4th April 1779
Reference Numbert17790404-6
VerdictsGuilty > theft under 1s; Not Guilty; Guilty

Related Material

ActionsCite this text | Print-friendly version | Report an error
Navigation< Previous text (trial account) | Next text (trial account) >

190, 191, 192. JOHN HARRIS , JOSEPH FOSTER , and MARY the wife of William POTTEN , were indicted for stealing seven yards of carpetting, value 30 s. a mahogany tea-chest, value 2 s. and an inlaid writing box, value 20 s. the property of William Brissenden , in his dwelling-house , January 30th .


I am an upholsterer , in High Holbourn . On the latter end of January, I cannot tell the day, about six in the evening, a pane of glass was cut out of my shop window, and I lost about seven yards, or seven yards and a half of carpeting, a writing box, and a tea-chest, they are valued in the indictment at less than their real value. I was sent for to the Rotation-office, and saw the tea-chest and writing box; the writing box was in the possession of a pawnbroker, who I understood brought it there. The tea-chest I understood was found in Harris's lodgings.


I am a pawnbroker in Bishopsgate street. On the fourth of February, a little writing desk was pawned at my shop, by one Henry Barnard . I never saw the prisoners till they were at the Rotation-Office.

(The writing box was produced in Court and deposed to by the prosecutor.)


I was concerned with the three prisoners in this and several other robberies. I have been connected with them four months. We went out of days to see if we could find any places where we were likely to get any thing. We saw this upholsterer's window broke, and Harris said we could get something there; we all went at night. Harris

and Foster went, and Harris took the glass out of the window, piece after piece, till he had taken the whole out. Potten and I stood on the opposite side of the way. Harris brought the carpeting to us, and then the writing desk and then the tea-chest. He could not reach any thing else. We took them to my house.

Where do you live? - In Windmill-street, Tottenham-court-road. They fetched all the things away the next morning except the box which was left at my house. I did not think it was safe to have it there. I carried it to a neighbour; when it had been there a little while, I desired him to pawn it which he did for six shillings. Potten and Foster boarded with me at the time. They lodged at a different house in the neighbourhood, to which I recommended them.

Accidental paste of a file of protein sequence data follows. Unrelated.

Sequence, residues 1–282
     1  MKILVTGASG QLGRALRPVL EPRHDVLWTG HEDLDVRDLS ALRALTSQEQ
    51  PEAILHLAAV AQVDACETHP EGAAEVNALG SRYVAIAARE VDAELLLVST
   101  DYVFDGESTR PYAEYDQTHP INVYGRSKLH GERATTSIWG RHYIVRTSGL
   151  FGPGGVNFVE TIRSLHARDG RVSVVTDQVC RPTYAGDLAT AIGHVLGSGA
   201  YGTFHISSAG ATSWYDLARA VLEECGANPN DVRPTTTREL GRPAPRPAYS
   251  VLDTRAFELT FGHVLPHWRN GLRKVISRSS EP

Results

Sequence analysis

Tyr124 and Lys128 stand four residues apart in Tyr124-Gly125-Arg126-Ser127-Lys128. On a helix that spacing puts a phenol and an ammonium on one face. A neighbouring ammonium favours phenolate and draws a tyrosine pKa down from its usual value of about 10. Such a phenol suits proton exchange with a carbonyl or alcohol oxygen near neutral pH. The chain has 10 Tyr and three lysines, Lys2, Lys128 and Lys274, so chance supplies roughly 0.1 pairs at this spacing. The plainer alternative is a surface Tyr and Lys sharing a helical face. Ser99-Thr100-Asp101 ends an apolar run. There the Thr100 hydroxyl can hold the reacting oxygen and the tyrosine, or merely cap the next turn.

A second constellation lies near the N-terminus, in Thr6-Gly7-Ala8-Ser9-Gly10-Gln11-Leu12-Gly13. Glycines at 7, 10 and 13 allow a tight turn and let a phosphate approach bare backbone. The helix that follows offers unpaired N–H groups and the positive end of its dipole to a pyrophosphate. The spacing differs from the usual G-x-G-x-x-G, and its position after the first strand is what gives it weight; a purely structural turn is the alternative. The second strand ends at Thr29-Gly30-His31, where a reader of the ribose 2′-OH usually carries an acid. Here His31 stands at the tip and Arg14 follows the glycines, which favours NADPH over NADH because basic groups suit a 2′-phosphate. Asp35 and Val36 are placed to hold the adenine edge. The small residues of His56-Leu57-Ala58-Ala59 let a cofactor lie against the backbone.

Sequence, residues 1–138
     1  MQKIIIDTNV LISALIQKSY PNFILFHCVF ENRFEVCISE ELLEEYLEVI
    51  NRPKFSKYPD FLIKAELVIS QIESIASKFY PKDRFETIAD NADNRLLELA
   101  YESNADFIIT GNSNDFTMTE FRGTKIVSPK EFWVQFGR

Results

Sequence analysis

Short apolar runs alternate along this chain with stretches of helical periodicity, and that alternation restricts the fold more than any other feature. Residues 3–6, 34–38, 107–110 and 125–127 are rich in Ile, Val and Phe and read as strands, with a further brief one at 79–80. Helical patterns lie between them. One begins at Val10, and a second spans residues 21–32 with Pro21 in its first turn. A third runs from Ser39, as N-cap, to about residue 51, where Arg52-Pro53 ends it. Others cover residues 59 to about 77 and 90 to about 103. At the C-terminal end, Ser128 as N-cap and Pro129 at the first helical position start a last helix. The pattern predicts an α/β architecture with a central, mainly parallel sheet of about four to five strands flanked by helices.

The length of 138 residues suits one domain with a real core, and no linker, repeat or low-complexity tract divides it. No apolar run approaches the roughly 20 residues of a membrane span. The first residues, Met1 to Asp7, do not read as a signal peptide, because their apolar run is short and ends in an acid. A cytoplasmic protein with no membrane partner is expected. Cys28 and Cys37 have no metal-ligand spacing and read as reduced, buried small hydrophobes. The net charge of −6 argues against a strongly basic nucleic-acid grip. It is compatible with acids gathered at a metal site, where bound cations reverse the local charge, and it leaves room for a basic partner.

What day was this? - I cannot tell; it was some time in January.

Do you know Henry Barnard , who pawned this writing box? - Yes, he is my brother; he had the box from me, I desired him to pawn it, I told him I bought it at a sale. The tea-chest was found at Harris's lodging by the constable.

Cross Examination.

You go by the name of Lyons? - Yes.

Did you ever go by any other name than Lyons? - Yes; when I had another husband I went by his name.

What is his name? - Fillman.

How long has he been dead? - He is not dead.

Yet you go by the name of Lyons? - Yes; I have a right to assume the name.

Is Barnard your brother? - Yes. I gave him the things to pawn for me.


By the information of Lyons I and another officer went to Harris's longing; we could not find him; as we were coming out of the court we saw him coming home in a coach, and secured him, and took him to his lodging. I searched his lodging, and found a tea-chest. I asked him where he got it; he said he bought it. Lyons carried us to Foster's lodgings; we took Foster and Potten together: they both lodged in the same room. I searched the room, but found nothing in it. Harris took us to a house in Petticoat-lane, under a pretence to show us some other people who were concerned with him, and when he had got us into a room among a number of people, he ran away and left us.

From Harris to Lyons. Whether I did not buy the tea-chest and a coffee-pot of your brother Barnard? - He did not.

M'Donald. Harris wanted to turn evidence at the Rotation-Office, and again before the Lord Mayor; he said he would fill a person's hat full of diamonds if he might turn evidence respecting a robbery in the city.


Harris, after he had made his escape, came and offered himself to me at the Mansion-House, and said he knew of a number of robberies commited in the city of London, and knew where to find the property, and if they would admit him an evidence he would discover all that he knew. When the magistrates knew that he had made his escape, they would not admit him an evidence.

Did he mention this robbery in particular? No; he mentioned no robbery in particular.

Had you seen Harris before? - Yes; I knew him.

To M'Donald. Foster did not make any resistance when you took him? - No; he behaved very civil.


I bought the tea-chest of Barnard the brother of Lyons.

Harris called a witness who deposed that Barnard called upon her the latter end of February, or the beginning of March, and told her that he had sold a tea-chest to Harris the week before, which had lost a foot, but that she never had seen the tea-chest; and six other witnesses, who gave him a good character.

The other two were not not put on their defence.

HARRIS GUILTY of stealing to the value of 10 d .

The other two NOT GUILTY .

Tried by the Second Middlesex Jury before Mr. DEPUTY RECORDER.

JOHN HARRIS was indicted for burglariously breaking and entering the dwelling-house of William Prior , on the 22d of February , about the hour of seven in the night, and stealing twelve china tea cups, value 6 s. twelve china saucers, value 6 s. a china teapot value 4 s. three china coffee cups, value 3 s. and a china milk pot and cover, value 2 s. the property of the said William Prior , and one William Hussey .


I live in Coventry-street, St. James's, near the top of the Hay-market ; I deal in china and glass . I lost the things mentioned in the indictment, the latter end of February, I think it was on Monday night. I did not miss them till the next morning.